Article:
Churchtown is a planned village and has a distinct “English” feel. Most Irish villages run along a main thoroughfare whereas Churchtown is built around a square or triangle. The village was rebuilt between 1822 and 1849 by Sir Edward Tierney who was agent for the Earl of Egmont. There are a lot of photographs here so downloading may take a little time but it will be worth it!
Welcome to Churchtown. We hope you enjoy this ‘virtual tour’ of our
village and are looking forward to seeing you soon for a
taste of the real thing. Scroll down to take the tour. We
will start at Boss Murphy’s …
Boss Murphy House offers high quality
en-suite accommodation with warm and friendly service. Boss
Murphy House was originally build in the 1830s and was completely
refurbished for the enjoyment of guests in 1999.
Kerry Lane where the historic Market
House completed in 1845. The Market House was built by Sir Edward
Tierney (1780 – 1856) as Agent for the Earl of Egmont as a place
to collect rents. Edward Tierney, a solicitor born in Rathkeale,
Co Limerick inherited his title as Baronet of the United Kingdom
from his brother Mathew, a doctor, who received it for saving
the life of the Prince Regent – heir to the crown – who was
seriously ill on the death of his father George III on 20th
The multi-purpose community hall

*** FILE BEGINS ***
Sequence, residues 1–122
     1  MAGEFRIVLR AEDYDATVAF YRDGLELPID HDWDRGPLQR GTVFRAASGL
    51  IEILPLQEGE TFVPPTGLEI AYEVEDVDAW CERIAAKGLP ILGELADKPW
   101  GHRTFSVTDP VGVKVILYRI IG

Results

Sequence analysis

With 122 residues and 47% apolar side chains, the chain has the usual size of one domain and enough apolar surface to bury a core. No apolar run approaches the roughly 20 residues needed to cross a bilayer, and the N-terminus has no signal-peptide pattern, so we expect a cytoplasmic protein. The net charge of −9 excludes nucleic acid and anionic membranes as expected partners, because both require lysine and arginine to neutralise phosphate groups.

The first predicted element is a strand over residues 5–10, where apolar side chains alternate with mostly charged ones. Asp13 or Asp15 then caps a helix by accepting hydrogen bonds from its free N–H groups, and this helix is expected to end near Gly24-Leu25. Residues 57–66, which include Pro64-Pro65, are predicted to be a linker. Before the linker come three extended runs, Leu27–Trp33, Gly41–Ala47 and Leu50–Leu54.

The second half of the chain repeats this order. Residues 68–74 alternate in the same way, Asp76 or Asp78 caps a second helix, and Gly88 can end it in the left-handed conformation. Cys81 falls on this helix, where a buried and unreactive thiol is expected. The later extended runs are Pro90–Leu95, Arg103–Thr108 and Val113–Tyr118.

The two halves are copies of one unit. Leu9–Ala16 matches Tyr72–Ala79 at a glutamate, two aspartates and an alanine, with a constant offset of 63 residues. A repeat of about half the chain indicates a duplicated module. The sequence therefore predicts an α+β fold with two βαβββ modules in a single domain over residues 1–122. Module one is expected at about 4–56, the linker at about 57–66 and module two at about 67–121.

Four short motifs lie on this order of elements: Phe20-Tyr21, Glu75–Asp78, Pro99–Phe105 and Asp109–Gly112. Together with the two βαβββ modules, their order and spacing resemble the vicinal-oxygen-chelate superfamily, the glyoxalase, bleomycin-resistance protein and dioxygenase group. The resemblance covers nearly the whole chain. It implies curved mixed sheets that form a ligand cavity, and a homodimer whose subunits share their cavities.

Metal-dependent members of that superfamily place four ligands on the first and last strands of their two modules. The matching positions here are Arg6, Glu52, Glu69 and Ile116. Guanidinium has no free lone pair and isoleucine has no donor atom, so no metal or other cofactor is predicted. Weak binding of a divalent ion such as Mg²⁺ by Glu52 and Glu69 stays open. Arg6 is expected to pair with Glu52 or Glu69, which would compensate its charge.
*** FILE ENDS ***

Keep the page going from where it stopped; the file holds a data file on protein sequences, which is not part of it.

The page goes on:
(above) which was the original school in the village and opened
in 1846 was also completely refurbised by the Churchtown Development
Association in 1998 to 2000 when it was opened by President
Mary McAleese on 14th July 2000.
Pat O’Brien who carried on
the family business started by his grandfather Thomas O’Brien
at O’Brien’s Bar retired in December 2004.
St Nicholas’ Church – the spiritual
heart of the village – was built in the last century. Our
Parish priest is Father Robin Morrissey, based in Churchtown
Click here to download a book entitled Our Heritage of Churches in Churchtown published on Thursday 24th August 2017.
Education in Churchtown – Our Primary School was built in 1948 and the parish celebrated its 50th anniversary in 1998. What is now the community hall was the original school and the parish also celebrated 150 years of formal education in the parish in 1999 with the visit of Michael Martin TD, Minister for Education. The school principal is Donal O’Shea and he is supported by Angela O’Regan.
and Graveyard – Records from 1291 relating to our ancient graveyard and ruined church were set out in the Pipe Roll of Cloyne. Bruhenny Church was approximately sixty feet long and thirty feet wide. The nave of the church was in repair and the chancel in ruins in 1615 and the site was recorded as abandoned by 1694. The Church was officially closed in 1710 by an Act of Parliament which sanctioned a change to a new site. The majority of the headstones in Bruhenny village graveyard are located south of the Church with a number of flat slabs, table tombs and vaults dating from the 18th and 19th centuries within the area of the Church. On the 15th May 1999 parish resident and film star Oliver Reed was laid to rest in Bruhenny churchyard. May all who visit this sacred place remember those who have gone before. Ar dheis De go raibh an n-anam.
Pound Corner – where locals and
visitors alike meet for a chat was where a village water pump
was once situated. The “pound” behind the wall is
where the landlord “impounded” animals belonging to
farmers who were not able to pay their rent. Now you can see
a large specimen of red Churchtown marble and a bronze plaque
setting our its significance at the Pound Corner.
Burton Park is now the home
of the Ryan-Purcell family and visitors are welcome by appointment
during summer months by ringing +353 (0)22 23 134.